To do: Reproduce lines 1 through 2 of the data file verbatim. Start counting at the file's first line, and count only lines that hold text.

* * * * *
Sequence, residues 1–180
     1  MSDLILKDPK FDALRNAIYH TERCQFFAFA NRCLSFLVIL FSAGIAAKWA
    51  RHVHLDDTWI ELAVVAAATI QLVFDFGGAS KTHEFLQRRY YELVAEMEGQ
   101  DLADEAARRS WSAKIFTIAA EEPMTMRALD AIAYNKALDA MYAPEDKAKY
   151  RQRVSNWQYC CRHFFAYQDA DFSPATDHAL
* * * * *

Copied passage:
Sequence, residues 1–180
     1  MSDLILKDPK FDALRNAIYH TERCQFFAFA NRCLSFLVIL FSAGIAAKWA